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What A Phillipines Realignment With China Could Mean For U.S. Relations In Asia


President Rodrigo Duterte of the Philippines said his country is done with the United States. President Duterte has been in China this week. He told an audience of business people there, I've realigned myself in your ideological flow. Maybe I will also go to Russia to talk to Putin and tell him that there are three of us against the world - China, Philippines and Russia. It's the only way.

Thomas Pepinsky is an associate professor at Cornell University who specializes in Southeast Asia. Professor, thanks very much for being with us.

THOMAS PEPINSKY: Thanks very much for having me.

SIMON: What do you make of this?

PEPINSKY: This is a bit of a perplexing set of statements from Duterte. If you want to be even more confused, you can check out the fact that he has since walked back some of those comments.

SIMON: What are the implications for the United States to lose that partnership, if you please, with the Philippines?

PEPINSKY: Well, it's unlikely that this partnership will be lost entirely. But the real implications of Duterte's statements are that they signal a sort of disconnect between him as an individual and as a leader and his foreign policy establishment in this population. It signals a kind of instability or volatility in the way that he makes decisions, in the way that he conveys what he believes Filipino national interests to be.

SIMON: I'm going to just guess now - you mean people in government and perhaps the military think the partnership is important for the Philippines and he has another idea?

PEPINSKY: Absolutely. It's, again, very hard to see exactly what Duterte himself believes the interests are. But the U.S. remains quite popular in the Philippines. And even members of his own cabinet appear to be a bit perplexed or baffled by some of these statements. And they very quickly hastened to walk back his own statements.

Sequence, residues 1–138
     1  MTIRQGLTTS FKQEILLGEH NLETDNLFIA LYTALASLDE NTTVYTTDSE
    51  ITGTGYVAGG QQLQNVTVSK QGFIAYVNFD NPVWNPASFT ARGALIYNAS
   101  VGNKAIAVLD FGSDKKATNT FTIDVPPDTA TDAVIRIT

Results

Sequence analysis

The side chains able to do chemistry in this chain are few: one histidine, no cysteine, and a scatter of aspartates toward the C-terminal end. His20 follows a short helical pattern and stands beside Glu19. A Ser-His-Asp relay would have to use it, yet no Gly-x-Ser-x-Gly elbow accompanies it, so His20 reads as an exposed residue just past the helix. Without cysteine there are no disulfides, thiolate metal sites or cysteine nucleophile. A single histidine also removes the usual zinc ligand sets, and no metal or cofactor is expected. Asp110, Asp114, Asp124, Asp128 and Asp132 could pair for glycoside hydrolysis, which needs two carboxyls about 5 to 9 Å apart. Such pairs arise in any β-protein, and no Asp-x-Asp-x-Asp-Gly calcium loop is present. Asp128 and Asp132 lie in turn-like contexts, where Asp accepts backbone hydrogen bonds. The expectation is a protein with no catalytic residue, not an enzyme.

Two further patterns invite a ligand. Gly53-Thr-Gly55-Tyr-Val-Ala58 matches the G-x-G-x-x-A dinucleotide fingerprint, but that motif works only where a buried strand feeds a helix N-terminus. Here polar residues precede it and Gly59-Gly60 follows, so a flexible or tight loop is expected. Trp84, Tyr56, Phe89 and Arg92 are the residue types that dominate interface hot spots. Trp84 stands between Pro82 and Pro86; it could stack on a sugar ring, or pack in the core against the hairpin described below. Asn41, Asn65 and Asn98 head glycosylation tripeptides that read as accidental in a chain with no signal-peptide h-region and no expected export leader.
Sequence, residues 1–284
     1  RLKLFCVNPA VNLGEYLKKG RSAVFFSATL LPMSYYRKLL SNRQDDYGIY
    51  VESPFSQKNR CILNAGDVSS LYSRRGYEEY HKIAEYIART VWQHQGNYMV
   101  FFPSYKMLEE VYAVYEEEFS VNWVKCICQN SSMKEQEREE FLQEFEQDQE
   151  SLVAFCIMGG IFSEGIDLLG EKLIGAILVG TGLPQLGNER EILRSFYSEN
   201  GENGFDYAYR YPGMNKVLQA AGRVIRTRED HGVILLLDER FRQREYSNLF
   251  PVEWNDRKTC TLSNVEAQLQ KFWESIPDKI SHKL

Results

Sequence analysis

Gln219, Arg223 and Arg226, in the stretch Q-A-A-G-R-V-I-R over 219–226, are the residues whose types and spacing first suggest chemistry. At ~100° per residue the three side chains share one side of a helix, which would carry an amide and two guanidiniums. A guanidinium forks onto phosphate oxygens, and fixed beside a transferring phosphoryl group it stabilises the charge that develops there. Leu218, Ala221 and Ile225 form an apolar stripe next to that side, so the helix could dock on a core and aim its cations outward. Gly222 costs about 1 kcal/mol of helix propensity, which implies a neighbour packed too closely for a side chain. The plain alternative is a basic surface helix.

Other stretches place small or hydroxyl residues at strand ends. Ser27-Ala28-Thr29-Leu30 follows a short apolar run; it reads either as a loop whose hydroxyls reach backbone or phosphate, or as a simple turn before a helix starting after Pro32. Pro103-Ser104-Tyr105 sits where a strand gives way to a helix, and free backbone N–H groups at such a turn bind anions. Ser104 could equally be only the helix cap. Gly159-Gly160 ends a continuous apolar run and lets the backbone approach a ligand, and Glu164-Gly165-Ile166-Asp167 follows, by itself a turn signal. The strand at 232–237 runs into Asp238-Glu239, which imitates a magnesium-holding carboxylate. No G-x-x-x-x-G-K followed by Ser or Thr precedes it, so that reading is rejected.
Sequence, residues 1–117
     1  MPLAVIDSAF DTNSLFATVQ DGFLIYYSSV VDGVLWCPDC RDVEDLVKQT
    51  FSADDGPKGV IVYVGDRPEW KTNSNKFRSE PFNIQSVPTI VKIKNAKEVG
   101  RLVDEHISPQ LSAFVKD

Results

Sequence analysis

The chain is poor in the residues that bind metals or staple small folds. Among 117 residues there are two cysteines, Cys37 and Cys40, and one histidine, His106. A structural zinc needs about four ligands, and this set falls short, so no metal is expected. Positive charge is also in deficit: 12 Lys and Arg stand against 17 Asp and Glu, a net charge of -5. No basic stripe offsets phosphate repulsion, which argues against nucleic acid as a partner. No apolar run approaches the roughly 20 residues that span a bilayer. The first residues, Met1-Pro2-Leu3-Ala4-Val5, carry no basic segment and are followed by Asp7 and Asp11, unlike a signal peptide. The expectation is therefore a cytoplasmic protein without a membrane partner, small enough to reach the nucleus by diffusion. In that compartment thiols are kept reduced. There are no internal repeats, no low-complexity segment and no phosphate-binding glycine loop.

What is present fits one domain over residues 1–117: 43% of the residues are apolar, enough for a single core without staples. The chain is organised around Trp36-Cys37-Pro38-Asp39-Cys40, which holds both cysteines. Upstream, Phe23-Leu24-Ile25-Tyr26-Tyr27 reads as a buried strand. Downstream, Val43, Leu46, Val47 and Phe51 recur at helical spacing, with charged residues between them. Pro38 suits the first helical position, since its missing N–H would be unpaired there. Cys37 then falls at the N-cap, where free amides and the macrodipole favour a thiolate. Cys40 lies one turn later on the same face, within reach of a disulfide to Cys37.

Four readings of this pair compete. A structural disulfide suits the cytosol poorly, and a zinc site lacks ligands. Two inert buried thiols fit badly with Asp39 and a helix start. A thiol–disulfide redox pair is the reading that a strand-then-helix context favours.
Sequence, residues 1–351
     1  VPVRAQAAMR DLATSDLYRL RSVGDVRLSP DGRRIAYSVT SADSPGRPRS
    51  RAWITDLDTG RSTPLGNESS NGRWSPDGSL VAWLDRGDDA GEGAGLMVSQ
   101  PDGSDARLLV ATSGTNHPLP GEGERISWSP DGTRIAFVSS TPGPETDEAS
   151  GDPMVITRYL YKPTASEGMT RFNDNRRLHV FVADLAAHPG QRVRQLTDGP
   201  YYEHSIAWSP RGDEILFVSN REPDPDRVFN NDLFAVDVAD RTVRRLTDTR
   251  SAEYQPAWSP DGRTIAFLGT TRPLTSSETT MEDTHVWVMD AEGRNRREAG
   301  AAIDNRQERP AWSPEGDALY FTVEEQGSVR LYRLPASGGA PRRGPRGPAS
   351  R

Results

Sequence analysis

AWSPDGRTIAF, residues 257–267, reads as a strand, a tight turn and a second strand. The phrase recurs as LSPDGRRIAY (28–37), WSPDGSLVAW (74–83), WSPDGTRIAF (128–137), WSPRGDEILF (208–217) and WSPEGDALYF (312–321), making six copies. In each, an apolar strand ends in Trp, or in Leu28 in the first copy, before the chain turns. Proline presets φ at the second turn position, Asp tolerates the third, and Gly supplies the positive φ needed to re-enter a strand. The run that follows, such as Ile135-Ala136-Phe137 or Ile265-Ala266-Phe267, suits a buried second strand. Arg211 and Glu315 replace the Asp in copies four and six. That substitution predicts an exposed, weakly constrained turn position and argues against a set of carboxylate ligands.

SIMON: At the same time, has being an ally of the U.S. made it a little harder for the Philippines to do business with China, which, after all, is the big dog in that neighborhood?

PEPINSKY: I don't really think so. My sense is that had Duterte not said anything about U.S.-Philippine relations in Beijing, he would have signed most of the deals that he signed anyway. In fact, the Obama administration has put some emphasis on encouraging the Philippines to invest with partners in the region as well, including China. So this probably wasn't even necessary.

SIMON: President Duterte was elected in a landslide this year. He declared what he called a bloody war on drugs, which, in fact, sounds pretty bloody. Hundreds of people have been killed each month. The U.N. and U.S. has criticized this. But has it been popular at home?

PEPINSKY: It has indeed been popular at home. And this is ultimately the source of his current sky-high popularity rating as president.

SIMON: And it's been popular because?

PEPINSKY: It's hard to say exactly why the Filipino population is so concerned with drugs, given that drugs and drug use is not particularly any more of a national scourge there than it would be in any other country in the region.

I believe that the core source of Duterte's popularity in this action is that Filipinos believe that this is a signal of his ability to enforce a kind of order that the country has not seen in quite some time.

SIMON: In your judgment, should the U.S. make some kind of response to what President Duterte has said in China or kind of let it ride?

PEPINSKY: I dont think the U.S. is going to let it ride. I think that the Obama administration has so far been fairly measured in how it responds to these periodic outbursts. In the past, the United States has responded to Duterte's insulting of Obama himself by refusing to meet with him, and that actually led to a pretty quick apology. And my guess is that the response from the Obama administration will be, once again, to clarify that it tends to live up to its treaty obligations with the Philippines and it expects the Philippines to do the same.

SIMON: Thomas Pepinsky, associate professor at Cornell. Thanks so much for being with us.

PEPINSKY: Thank you very much. Transcript provided by NPR, Copyright NPR.